The great thing about democracy and having the right to exercise our vote is that everyone eligible will get the chance to voice an opinion and the right to exercise their right to vote. What I feel is undemocratic however, is when that vote is based on misinformation, lies and manipulation. I’m so angry at this so called 'post-factual democracy' where, sure, we got to vote, but what we based our votes on was nothing more than words strung together with no real meaning. Does a vote cast on the basis of a lie or very unrealistic promise still hold its value? This remains true for both sides of the referendum campaign and politics in general.

Make no mistake – I am in no way deluded, the majority of the people who voted chose to leave the EU. Whether it’s eligible that a simple 4% majority win can determine an outcome that leads us down the path of no return seems irrelevant as it is becoming increasingly clear that a second referendum may not be granted (despite the argument for a second referendum being very strong). Nevertheless, my Facebook feed is a mixed bag of remain supporter’s arguments against leave campaigners calling for the nation to ‘come together and look to the future’ or to ‘get over it and move on’. Ok, tell me, what’s the plan that your vote was based on for a post EU Britain?

Being able to ignore all this or think it’s time to get over it and move on must be great. Unfortunately with the looming possibility of living in a world where the likes of Nigel Farage, Marine Le Pen or even Donald Trump are gaining more influence, that is not a privilege that I, along with many others, have been granted.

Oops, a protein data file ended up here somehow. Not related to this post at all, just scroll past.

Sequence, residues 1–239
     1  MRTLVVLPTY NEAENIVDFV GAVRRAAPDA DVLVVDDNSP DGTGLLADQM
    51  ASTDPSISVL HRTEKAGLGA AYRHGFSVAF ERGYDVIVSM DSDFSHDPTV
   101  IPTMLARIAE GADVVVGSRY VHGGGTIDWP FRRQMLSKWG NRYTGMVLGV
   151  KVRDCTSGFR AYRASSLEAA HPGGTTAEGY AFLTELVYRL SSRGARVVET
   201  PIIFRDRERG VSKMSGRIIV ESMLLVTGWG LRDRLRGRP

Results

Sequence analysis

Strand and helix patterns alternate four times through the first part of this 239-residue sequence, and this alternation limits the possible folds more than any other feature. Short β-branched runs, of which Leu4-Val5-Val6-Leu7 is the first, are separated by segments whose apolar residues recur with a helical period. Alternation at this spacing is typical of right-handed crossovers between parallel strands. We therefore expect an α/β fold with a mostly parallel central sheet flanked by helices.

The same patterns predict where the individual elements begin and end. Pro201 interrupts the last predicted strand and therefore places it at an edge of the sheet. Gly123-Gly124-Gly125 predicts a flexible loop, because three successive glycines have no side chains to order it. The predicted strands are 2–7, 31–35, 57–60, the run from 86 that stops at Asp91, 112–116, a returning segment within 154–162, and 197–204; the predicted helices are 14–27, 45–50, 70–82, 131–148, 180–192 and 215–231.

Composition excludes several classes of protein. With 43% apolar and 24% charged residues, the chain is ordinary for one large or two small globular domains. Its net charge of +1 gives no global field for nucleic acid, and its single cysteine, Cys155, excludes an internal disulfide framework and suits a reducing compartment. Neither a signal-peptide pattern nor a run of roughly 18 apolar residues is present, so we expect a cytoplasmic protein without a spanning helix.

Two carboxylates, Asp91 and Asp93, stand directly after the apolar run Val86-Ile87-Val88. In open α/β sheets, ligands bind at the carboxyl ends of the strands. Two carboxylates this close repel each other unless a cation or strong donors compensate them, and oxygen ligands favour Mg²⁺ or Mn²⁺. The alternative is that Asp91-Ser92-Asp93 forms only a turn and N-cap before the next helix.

Update: I'm sharing more thoughts on Twitter regarding the latest news on the Boris fiasco.
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What are your thoughts on the referendum? Will it be celebrated in years to come as a great day in British history or will it be marked as a day that caused great political, social and economic upheaval?



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3 comments:

  1. Such a well written and articulated post! I totally have to agree with all your points, I'm still completely in shock that that's really the outcome :(

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  2. Love this post...Brexit really does have us heartbroken as so many young people like us couldn't even get a say in what happens to our future :(